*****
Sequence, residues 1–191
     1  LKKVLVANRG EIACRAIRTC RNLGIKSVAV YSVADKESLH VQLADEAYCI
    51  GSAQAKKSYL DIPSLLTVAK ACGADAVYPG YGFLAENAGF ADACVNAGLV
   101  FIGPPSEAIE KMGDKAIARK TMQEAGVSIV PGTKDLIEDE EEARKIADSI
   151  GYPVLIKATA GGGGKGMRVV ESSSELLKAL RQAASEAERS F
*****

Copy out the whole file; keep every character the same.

Sequence, residues 1–191
     1  LKKVLVANRG EIACRAIRTC RNLGIKSVAV YSVADKESLH VQLADEAYCI
    51  GSAQAKKSYL DIPSLLTVAK ACGADAVYPG YGFLAENAGF ADACVNAGLV
   101  FIGPPSEAIE KMGDKAIARK TMQEAGVSIV PGTKDLIEDE EEARKIADSI
   151  GYPVLIKATA GGGGKGMRVV ESSSELLKAL RQAASEAERS F